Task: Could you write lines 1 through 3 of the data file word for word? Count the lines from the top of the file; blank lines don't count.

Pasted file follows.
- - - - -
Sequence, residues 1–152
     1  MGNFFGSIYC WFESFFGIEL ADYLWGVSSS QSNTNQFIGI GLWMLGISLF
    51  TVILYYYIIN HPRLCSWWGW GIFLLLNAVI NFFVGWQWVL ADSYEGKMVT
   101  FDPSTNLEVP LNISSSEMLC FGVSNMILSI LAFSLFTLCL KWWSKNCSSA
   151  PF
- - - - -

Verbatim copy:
Sequence, residues 1–152
     1  MGNFFGSIYC WFESFFGIEL ADYLWGVSSS QSNTNQFIGI GLWMLGISLF
    51  TVILYYYIIN HPRLCSWWGW GIFLLLNAVI NFFVGWQWVL ADSYEGKMVT